You can pay to advertise your book. You have to earn your good publicity. Please keep that distinction in mind when you create a new press release.
An advertising manager works in a newspaper office. His job requires him to fill the empty spaces between the columns and the articles with offers that readers will not be able to refuse. He will accept your ad for your new book happily, provided it is not obscene or offensive to the paper's paid subscribers. He may even help you come up with those key words designed to bring you sales: amazing, must-read, best-selling, award-winning, non-stop action, page-turner. For a "slightly higher" price you can add color, illustrations, quotes, testimonials, exclamation points, stars, banners, everything but the flashing lights and loudspeakers. The fancier your ad, the better he will like it. And the return? Well, there are no guarantees. All he can really offer is the chance to put your name and the title of the book in front of people, in the hope that they will pause on the page long enough to read what your ad says. After that, it is entirely up to your own words to entice the reader to buy what you have for sale.
A newspaper columnist also works in the office. Her job is to fill the spaces between the ads with interesting columns that will make readers stop, read, and remember what she has written. On those days when nothing burns down, no one murders a spouse, and the dog doesn't bite the mailman, the columnist will be on a desperate hunt for eye-catching news. No, she doesn't need a sales pitch, and she probably won't think it is important that you have a book for sale. She's looking for a human interest story, a tale of a struggling writer who finally wins an award, a librarian who makes a history-changing discovery, a visiting scholar with a story to tell, or an expert who has discovered the answer to someone's prayers. If you can couch your press release in those terms, the columnist will not only write your story but tell it in its most appealing format. And the return? Once again, your name and book title appear in the public eye. But now they are bathed in a much more favorable light. A column in a newspaper or magazine or an interview on the local radio station brings you favorable publicity, not advertising.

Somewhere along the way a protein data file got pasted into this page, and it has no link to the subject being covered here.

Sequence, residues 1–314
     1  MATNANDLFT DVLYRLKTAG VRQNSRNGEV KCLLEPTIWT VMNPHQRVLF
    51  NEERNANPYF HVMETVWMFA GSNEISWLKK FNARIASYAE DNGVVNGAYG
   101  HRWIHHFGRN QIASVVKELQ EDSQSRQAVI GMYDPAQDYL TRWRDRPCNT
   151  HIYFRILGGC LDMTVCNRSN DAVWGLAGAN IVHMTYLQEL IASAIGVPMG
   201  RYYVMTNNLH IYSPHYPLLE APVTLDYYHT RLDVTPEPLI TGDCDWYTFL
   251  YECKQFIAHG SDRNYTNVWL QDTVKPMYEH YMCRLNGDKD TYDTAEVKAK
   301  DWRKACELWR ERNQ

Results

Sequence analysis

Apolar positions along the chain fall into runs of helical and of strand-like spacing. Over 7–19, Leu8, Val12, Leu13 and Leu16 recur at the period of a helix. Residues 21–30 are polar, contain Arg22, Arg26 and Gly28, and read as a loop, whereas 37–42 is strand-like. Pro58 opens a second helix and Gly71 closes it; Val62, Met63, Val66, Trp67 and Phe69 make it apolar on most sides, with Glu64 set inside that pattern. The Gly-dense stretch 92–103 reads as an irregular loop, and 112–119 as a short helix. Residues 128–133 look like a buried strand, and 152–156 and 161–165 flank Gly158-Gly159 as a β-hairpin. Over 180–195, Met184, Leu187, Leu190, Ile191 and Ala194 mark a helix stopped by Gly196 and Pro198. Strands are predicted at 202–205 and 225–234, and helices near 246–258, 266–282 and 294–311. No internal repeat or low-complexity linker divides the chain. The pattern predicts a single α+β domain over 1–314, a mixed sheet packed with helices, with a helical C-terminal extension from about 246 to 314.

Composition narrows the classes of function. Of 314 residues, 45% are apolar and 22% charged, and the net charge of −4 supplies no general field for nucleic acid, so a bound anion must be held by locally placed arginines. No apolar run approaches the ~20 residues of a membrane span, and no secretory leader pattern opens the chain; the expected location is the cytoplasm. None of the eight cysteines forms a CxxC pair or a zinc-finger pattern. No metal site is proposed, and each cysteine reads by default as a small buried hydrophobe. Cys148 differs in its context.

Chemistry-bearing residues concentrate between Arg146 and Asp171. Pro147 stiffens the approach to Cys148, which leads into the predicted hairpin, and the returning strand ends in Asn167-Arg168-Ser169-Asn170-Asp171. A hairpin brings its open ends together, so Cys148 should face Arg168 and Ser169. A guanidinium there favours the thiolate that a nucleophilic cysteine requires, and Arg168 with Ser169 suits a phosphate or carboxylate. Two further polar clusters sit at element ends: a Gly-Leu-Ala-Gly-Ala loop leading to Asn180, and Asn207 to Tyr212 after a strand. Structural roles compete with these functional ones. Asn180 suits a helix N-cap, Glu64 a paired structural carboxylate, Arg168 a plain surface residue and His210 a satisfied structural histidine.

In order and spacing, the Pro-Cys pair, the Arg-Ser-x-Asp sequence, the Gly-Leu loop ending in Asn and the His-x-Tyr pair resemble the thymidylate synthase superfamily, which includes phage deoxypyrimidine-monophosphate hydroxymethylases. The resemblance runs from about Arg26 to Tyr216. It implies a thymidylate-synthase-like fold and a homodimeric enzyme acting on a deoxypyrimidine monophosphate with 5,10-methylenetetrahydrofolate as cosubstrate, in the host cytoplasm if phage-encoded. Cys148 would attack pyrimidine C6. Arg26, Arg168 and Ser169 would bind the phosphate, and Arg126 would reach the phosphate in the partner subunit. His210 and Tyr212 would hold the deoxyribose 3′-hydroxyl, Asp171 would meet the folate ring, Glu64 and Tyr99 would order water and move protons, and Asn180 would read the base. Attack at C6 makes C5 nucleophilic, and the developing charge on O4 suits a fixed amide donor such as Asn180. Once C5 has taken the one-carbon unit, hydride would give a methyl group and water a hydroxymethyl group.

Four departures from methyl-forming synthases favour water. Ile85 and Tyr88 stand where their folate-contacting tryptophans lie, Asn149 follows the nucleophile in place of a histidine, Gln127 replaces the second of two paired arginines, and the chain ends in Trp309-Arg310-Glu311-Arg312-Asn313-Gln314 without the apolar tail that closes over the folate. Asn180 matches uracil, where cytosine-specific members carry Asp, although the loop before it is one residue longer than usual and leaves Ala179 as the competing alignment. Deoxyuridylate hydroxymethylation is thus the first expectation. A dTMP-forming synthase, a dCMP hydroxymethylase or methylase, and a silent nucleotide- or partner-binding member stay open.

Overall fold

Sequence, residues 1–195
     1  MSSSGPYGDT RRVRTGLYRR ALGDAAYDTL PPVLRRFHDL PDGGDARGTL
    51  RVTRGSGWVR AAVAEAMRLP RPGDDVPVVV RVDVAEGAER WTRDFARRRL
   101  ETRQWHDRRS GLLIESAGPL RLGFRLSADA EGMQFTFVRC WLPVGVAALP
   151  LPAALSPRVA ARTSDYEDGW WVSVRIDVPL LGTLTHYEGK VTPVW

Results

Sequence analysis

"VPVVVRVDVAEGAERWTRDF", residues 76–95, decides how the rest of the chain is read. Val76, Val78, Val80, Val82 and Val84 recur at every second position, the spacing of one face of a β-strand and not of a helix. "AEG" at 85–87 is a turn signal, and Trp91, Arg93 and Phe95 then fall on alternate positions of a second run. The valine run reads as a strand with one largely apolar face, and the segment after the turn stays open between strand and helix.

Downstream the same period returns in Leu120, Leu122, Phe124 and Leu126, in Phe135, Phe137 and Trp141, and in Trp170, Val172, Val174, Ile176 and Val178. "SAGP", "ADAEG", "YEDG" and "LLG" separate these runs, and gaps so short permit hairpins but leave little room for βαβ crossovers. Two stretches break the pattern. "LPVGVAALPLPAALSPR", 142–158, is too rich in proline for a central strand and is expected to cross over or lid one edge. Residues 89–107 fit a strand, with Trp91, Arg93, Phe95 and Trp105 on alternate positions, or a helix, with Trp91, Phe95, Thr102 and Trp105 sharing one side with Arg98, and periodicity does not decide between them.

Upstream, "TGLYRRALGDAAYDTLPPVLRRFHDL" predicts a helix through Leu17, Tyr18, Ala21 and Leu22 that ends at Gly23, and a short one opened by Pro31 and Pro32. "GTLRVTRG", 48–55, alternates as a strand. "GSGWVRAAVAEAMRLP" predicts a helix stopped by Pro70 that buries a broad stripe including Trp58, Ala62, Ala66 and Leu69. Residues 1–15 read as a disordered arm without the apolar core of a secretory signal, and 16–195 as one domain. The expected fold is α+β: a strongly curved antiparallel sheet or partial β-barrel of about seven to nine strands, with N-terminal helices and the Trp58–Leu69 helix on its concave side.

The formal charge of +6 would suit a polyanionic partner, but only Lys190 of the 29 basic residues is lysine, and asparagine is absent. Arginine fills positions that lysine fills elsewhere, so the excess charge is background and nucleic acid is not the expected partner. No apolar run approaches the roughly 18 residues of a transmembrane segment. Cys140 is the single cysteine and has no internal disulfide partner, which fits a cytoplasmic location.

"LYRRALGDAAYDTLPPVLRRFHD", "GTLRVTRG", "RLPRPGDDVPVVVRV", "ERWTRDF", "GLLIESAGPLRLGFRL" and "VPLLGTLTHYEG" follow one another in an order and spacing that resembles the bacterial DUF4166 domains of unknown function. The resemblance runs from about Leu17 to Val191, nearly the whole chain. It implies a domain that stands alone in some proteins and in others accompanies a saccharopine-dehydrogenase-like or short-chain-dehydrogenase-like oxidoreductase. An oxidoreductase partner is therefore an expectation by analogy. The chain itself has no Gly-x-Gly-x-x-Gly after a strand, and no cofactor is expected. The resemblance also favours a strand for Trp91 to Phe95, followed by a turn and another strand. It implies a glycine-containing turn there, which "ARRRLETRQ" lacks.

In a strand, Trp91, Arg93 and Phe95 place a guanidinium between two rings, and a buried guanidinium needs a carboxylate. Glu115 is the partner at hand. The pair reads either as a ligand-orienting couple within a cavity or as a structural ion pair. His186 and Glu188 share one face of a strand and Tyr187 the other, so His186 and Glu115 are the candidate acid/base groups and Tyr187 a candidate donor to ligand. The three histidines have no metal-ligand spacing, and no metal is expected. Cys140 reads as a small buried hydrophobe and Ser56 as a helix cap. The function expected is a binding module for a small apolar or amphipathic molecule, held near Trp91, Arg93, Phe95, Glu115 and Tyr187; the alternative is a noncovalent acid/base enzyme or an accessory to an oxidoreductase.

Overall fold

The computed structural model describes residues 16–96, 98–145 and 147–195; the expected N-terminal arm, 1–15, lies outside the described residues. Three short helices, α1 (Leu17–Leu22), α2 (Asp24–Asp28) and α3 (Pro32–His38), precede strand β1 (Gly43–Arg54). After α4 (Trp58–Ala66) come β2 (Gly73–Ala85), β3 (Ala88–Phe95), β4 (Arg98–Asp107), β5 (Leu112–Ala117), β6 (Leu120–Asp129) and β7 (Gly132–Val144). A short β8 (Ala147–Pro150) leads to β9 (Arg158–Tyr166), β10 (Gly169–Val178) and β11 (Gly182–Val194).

A good press release has great potential for attracting readers to your book, but it requires several contributions from you. It must be newsworthy. Its details must be clearly and concisely described. More important, it must be formatted correctly so that the columnist sees it as a professional presentation. Here are some suggestions on how to do that formatting, so that everything fits on a single page.
1. At the top of the page, put the words "FOR IMMEDIATE RELEASE" in all capital letters. That gives the columnist permission to use the information that follows. Skip a line and give the release date and the city of origin: "July 4, 1776, Philadelphia"
2. Skip another line and write your headline. Keep it short and attention-grabbing. Type it on one line with the first letter of each word capitalized: "Patriots Declare Independence From England."
3. Next comes a summary paragraph of about free to five lines, answering the standard questions " Who, what, where, when, and why."
4. Further details appear in the body of the press release. This is the spot for a plot summary,background information, and over relevant details. Keep this section to two or three paragraphs, each no longer than eight lines and separate the paragraphs with a blank line to make them easier to read. Be sure to write this section in third-person point of view. Imagine that you are the columnist, and see the information through her eyes.
5. End with contact information: the name of the publishing company, their media contact person (who is probably YOU!), a phone number, mailing address, and an e-mail address. A fax number or website may also be useful. Make it as easy as possible for the reader to make contact you and get more information.
6. Close with one of the printing symbols that lets readers know they have reached the end: --30-- or ###
Once you have your press release written, the final task is to get it into as many hands as possible, but make sure that they are the hands of people who will have a legitimate reason to care about your announcement. You'll find many offers from public relations people to handle your press releases and send them out to their standard lists of thousands of publications. Such services are not cheap, but they are all too often worthless. Newspapers, libraries, radio and TV stations, alumni associations, and trade groups are all fair game for press releases, but only if you have some personal connection to them. If you live in Wyoming, a morning talk show on a Georgia TV station will probably not invite you as a guest. If you graduated from the University of Tennessee, the University of Florida does not want to hear of your accomplishments. On the other hand, your local high school or college newspaper may be looking for stories about alumni who have become famous. Your company headquarters may be proud to publicize an employee who has received an honor. Contact every news outlet within a hour or so's drive from your home, and make your availability clear.
Use your writing talent to gain that all-important publicity. It lasts much longer than an ad.